Bradley’s Neurology in Clinical Practice, 7th Edition

Daroff RB, Jankovic J, Mazziotta JC, Pomeroy S, eds. Bradley’s Neurology in Clinical Practice. 7th ed. Elsevier; 2016; 2348 pp; 1750 ill; $499.99

bradley_neurology_7th_ed_coverThe 7th edition of Bradley’s Neurology in Clinical Practice, published in 2016, is a monumental textbook containing the entire breadth of neurologic diseases in a 2348-page 2-volume set. With over 130 contributors and 4 distinguish editors (Drs. Daroff, Jankovic, Mazziotta, and Pomeroy), the reader is able to access virtually every disease and/or presenting sign/symptom one will encounter in the daily practice of neuroradiology. While written with the neurologist or other clinical neuroscientists in mind, the book offers explanations and insights into the conditions that we as neuroradiologists encounter on MR/CT/vascular studies. One hundred pages in 4 separate chapters are devoted to neuroimaging, with a total of 12 authors, none of whom are neuroradiologists. This, at least in part, explains the relative lack of robust advanced neuroimaging, and in the area of “functional neuroimaging”, there is a heavy and almost exclusive reliance on nuclear-based studies. On the same note, it is certain that no reader of the AJNR would consider purchase of this 2-volume set for the neuroimaging information contained in it.

The way the books are set up is as follows: Volume 1 deals with the principles of diagnosis and contains issues dealing with 33 common neurologic problems; then it follows with 4 sections dealing in turn with laboratory investigations, clinical neurophysiology, neuroimaging (as above), and a wide range of topics (10) in the clinical neurosciences.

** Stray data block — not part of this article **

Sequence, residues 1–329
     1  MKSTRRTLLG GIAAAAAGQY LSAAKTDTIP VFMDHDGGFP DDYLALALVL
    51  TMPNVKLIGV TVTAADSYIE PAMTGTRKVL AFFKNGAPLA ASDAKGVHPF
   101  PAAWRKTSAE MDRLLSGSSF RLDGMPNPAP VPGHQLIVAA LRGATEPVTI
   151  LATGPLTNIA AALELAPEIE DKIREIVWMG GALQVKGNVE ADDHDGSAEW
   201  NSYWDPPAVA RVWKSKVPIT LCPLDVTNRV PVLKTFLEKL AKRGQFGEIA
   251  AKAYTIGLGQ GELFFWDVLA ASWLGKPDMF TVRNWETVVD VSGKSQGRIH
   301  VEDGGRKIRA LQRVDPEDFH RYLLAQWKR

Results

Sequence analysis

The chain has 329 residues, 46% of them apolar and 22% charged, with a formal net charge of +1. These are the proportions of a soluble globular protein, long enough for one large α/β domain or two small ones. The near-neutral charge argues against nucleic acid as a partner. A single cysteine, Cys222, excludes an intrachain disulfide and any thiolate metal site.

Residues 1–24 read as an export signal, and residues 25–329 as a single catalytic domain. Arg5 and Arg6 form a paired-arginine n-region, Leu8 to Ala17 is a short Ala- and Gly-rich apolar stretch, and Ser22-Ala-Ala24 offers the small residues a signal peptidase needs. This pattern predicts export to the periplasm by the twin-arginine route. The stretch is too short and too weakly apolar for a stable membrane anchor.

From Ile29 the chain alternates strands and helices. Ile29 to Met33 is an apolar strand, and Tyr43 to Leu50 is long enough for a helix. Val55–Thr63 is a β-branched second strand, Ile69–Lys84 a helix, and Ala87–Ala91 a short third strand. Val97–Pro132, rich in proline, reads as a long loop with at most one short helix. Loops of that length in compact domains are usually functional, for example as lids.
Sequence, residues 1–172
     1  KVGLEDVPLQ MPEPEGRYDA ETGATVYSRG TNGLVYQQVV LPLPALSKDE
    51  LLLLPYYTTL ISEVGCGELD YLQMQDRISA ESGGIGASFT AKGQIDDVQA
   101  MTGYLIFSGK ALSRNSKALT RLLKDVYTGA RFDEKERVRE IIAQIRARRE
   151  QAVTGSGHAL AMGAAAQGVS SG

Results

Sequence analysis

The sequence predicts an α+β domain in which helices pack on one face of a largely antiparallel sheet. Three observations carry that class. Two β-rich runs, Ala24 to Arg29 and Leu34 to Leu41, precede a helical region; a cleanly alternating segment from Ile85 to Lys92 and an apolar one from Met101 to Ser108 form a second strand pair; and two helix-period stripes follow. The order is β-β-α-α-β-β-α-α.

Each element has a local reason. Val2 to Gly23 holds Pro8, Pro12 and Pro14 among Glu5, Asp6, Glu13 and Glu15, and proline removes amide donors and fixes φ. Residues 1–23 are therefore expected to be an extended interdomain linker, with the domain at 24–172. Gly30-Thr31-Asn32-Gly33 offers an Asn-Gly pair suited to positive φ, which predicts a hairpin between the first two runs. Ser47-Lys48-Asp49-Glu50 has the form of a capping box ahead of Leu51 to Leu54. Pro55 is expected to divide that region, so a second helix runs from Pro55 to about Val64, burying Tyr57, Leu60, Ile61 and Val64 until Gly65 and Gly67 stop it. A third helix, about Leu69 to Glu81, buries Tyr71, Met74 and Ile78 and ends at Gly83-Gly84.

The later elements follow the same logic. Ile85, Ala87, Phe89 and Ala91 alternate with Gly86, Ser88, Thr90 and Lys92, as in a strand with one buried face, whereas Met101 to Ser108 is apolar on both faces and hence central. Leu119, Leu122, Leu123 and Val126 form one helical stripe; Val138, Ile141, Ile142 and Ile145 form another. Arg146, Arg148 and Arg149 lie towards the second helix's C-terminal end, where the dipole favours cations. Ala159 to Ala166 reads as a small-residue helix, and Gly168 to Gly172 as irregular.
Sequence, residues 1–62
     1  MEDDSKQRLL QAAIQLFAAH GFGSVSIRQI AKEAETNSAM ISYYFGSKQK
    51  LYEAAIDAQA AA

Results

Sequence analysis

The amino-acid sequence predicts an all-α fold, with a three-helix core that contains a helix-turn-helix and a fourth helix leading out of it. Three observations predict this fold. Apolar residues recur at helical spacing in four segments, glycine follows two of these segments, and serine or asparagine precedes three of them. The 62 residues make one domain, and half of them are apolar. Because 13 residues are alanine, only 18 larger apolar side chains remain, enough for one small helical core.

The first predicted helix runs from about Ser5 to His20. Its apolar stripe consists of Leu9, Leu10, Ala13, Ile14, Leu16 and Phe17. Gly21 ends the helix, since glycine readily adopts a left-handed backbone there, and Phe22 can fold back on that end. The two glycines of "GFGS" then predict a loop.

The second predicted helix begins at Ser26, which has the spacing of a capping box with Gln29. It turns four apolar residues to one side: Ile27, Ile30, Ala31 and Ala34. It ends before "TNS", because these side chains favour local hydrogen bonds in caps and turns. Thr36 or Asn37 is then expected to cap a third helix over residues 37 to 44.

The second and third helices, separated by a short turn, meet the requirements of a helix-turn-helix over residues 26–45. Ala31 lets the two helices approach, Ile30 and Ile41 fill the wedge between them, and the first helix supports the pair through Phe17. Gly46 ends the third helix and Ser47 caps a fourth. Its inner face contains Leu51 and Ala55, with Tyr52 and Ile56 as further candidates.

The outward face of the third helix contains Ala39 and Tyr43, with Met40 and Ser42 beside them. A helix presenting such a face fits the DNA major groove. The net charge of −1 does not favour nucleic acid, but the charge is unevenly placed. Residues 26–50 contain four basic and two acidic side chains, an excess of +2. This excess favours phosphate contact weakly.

Volume 2 deals with specific disease entities and their treatment, and includes management principals, neurologic complications of systemic disease, trauma (with one area in the basic science of neurologic traumatic injuries), vascular disease (stroke, hemorrhage, SAH, vasculitis), cancer, infections, and specific neurologic disorders.

While one may not find every entity one is looking for—there were a number of diseases I could not find—and though, in some cases, the explanation may not be as complete as one would wish relative to imaging findings, this book is an excellent way to begin a search on a specific set of symptoms and pathologic conditions.

The book comes with a code to access the eBook and allows one to view video clips (63 in total) demonstrating some of the clinical findings described in the book.

This 2-volume set should be part of any neuroradiologic section library—it would be referred to often.

Bradley’s Neurology in Clinical Practice, 7th Edition
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